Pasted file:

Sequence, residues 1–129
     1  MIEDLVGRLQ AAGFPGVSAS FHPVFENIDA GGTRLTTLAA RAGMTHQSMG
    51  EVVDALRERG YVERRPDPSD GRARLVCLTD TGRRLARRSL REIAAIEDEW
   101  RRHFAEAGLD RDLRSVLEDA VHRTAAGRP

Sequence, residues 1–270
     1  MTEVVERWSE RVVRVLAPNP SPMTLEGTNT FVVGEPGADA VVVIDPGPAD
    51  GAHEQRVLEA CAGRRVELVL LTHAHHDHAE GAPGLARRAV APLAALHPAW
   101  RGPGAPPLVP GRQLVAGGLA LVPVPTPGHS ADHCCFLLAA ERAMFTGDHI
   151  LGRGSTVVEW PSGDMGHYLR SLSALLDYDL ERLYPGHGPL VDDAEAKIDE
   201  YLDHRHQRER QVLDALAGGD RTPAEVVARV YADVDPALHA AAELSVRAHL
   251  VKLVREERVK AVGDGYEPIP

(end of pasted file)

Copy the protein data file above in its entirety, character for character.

Sequence, residues 1–129
     1  MIEDLVGRLQ AAGFPGVSAS FHPVFENIDA GGTRLTTLAA RAGMTHQSMG
    51  EVVDALRERG YVERRPDPSD GRARLVCLTD TGRRLARRSL REIAAIEDEW
   101  RRHFAEAGLD RDLRSVLEDA VHRTAAGRP

Sequence, residues 1–270
     1  MTEVVERWSE RVVRVLAPNP SPMTLEGTNT FVVGEPGADA VVVIDPGPAD
    51  GAHEQRVLEA CAGRRVELVL LTHAHHDHAE GAPGLARRAV APLAALHPAW
   101  RGPGAPPLVP GRQLVAGGLA LVPVPTPGHS ADHCCFLLAA ERAMFTGDHI
   151  LGRGSTVVEW PSGDMGHYLR SLSALLDYDL ERLYPGHGPL VDDAEAKIDE
   201  YLDHRHQRER QVLDALAGGD RTPAEVVARV YADVDPALHA AAELSVRAHL
   251  VKLVREERVK AVGDGYEPIP